sample Courses

Fiction & Fake History -- seminar

Introduction to American Studies -- lecture / discussion

About Faces: Case Studies in the History of Reading Faces -- seminar

  • What aspects of your identity does your face carry and why do we form attachments not only to our own face, but to the faces of those we love (and love a little less) – through photographs, avatars, emoji, even from far away? This course explores aesthetic, philosophical, and ethical theories about human faces as markers of identity and carriers of cultural information, in terms of race, gender and class, and at other times, over and against animal faces. We use the collections of the Princeton Art Museum to work with objects from various time periods, traditions, and mediums to consider how the representation of faces has shifted historically. We consider the ethical hold of the human face alongside studies – aesthetic, scientific, philosophical – of faces. We consider case studies of faces in specific contexts (e.g. in painting, in photography, in early film, in social psychology, in racial science). We pause to ask questions about the difference mediation and form make to the valuation of faces as markers of identity, morality, and value. We also look at specific faces that become stand-ins for ideas themselves (e.g. Marilyn Monroe, Martin Luther King, Jr., Beyonce), that is, icons. Last, we think about the limits of “faciality” – at what point is a face not a face?

Translating America -- seminar

  • Henry David Thoreau wrote, “It is a ridiculous demand which England and America make, that you shall speak so that they can understand you…As if Nature could support but one order of understandings.” For Thoreau in Walden, to traffic in language was already to be operating in translation, and to limit expression to the rigors of being understood by just one group was against the natural order. But what about when translations fail? Or are incomplete? Is that more, then, like the “natural order”? Are we always working against the grain of the “natural order” when we traffic in translations at all? Or, is language separate from the “natural order” altogether?

    Taking a page from Thoreau, this course asks questions about the bounds of America through thinking deeply with notions of translation about language, identity, and belonging. It argues, first, that translation was a central concern and beloved practice of some of America’s earliest writers. More, it argues that translation continues to be a primary mode through which contemporary novels operate. Students will be introduced to theories of translation in order to better understand not only acts of translation in everyday life, but also how and in what ways American authors have valued journeying between languages and geographies.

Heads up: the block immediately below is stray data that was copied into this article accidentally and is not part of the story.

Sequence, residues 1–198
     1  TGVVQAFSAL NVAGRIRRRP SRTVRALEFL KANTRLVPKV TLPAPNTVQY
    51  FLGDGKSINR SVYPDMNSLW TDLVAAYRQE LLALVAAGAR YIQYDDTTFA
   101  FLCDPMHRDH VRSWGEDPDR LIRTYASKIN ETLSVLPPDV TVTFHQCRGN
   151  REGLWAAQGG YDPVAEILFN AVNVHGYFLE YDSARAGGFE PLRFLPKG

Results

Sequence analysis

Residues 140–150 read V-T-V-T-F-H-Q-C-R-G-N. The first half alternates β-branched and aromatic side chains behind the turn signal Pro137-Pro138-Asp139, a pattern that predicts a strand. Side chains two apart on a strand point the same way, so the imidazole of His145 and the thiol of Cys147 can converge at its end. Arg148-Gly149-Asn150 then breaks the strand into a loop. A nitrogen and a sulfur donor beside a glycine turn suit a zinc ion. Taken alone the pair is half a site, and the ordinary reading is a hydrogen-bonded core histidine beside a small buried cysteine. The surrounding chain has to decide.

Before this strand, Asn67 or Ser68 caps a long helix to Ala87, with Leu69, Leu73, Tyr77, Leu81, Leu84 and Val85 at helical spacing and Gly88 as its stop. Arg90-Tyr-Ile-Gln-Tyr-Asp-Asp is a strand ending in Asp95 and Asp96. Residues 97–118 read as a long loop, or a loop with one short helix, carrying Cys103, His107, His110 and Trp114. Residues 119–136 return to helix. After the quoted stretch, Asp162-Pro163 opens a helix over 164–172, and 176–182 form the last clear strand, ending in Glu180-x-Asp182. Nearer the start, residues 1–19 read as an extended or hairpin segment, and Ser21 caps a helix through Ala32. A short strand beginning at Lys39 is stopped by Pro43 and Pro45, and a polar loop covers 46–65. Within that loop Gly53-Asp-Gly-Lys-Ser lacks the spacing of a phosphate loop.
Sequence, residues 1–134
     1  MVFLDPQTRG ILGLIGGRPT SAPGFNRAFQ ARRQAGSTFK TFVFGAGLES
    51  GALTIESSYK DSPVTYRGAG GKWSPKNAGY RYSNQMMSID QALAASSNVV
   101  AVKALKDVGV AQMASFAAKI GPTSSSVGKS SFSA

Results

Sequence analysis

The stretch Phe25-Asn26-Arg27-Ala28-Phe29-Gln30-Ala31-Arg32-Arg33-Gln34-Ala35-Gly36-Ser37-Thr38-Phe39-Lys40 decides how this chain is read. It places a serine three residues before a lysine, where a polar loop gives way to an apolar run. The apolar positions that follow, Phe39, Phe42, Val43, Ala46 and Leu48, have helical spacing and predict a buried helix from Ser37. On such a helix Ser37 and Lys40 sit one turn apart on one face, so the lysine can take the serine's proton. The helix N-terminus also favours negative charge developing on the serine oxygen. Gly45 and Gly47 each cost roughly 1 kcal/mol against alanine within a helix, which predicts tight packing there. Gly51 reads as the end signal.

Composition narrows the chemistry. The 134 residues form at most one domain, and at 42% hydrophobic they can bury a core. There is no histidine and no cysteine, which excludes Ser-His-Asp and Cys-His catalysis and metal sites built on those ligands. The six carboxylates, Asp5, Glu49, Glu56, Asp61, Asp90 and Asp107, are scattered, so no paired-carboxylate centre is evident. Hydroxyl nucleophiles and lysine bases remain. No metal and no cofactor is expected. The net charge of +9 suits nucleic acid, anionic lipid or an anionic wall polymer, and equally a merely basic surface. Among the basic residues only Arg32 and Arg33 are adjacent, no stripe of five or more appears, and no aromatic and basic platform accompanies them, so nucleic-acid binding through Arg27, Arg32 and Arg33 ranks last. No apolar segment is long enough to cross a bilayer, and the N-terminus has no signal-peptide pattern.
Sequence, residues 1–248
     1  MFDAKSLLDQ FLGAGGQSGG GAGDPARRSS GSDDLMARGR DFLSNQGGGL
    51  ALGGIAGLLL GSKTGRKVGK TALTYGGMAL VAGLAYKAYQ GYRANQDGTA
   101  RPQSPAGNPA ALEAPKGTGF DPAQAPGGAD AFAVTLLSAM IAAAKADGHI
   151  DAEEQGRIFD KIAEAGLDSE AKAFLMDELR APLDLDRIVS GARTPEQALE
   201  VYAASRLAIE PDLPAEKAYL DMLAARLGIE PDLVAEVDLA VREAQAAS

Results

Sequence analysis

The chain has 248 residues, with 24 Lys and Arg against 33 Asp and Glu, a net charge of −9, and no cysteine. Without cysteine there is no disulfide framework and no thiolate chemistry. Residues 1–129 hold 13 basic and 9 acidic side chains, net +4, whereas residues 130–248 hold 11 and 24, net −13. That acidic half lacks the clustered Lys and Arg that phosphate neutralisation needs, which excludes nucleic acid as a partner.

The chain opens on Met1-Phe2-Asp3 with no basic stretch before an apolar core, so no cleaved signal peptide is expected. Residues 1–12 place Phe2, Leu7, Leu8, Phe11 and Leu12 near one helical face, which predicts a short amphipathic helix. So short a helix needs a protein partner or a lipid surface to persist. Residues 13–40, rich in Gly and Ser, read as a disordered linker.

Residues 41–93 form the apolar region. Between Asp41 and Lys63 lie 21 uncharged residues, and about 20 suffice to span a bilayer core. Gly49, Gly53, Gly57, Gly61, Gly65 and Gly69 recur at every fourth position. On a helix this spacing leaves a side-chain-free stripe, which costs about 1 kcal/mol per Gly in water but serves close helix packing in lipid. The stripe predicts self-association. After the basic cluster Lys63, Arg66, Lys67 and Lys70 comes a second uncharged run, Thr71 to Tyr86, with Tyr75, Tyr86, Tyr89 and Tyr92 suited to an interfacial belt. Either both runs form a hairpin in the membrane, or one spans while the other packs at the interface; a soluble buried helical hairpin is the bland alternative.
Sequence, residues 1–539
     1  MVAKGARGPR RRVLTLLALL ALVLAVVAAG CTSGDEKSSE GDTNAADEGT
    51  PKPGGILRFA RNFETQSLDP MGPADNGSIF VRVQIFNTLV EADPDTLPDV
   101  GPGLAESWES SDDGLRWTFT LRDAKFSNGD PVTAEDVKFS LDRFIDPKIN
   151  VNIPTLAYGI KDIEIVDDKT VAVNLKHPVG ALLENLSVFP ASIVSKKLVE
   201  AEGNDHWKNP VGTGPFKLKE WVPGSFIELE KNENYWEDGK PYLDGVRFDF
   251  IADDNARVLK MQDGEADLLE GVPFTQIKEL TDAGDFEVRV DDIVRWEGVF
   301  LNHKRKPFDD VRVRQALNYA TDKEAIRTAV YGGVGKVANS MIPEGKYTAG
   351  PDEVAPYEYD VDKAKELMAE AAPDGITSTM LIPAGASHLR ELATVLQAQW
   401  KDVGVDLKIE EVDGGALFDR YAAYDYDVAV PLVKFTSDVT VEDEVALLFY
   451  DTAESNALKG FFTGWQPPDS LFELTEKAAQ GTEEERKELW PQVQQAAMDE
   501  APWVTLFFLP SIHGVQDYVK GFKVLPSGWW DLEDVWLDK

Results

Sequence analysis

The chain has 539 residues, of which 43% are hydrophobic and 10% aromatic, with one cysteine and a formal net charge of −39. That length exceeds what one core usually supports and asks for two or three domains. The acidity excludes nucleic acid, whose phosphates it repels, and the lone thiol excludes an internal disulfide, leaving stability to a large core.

We read canonical authors like Washington Irving, Mark Twain, and Herman Melville alongside Jose Maria Heredia, Jorge Luis Borges, Carlos Fuentes, and Daniel Alarcon, to name just a few. We encounter contemporary debates in translation through the works of Clarice Lispector (Brazil), whose short stories have recently been translated into English to great acclaim. These contemporary moments help us consider the ramifications of translation and continued investments in monolingualism in today’s America. The readings for each week alternate between theoretical texts and literary texts that take up the meaning, practice, ethics, and limitations of translation. We also pause at several points during the semester to consider why, at various moments in American history, “English only” movements have gained public support and political traction in our multilingual nation. By the end of the course, students will be fluent in some of the major themes of translation theory. They will also understand the historical role of translation in both imperialist and politically subversive visions of America about whom and what languages “belong” here.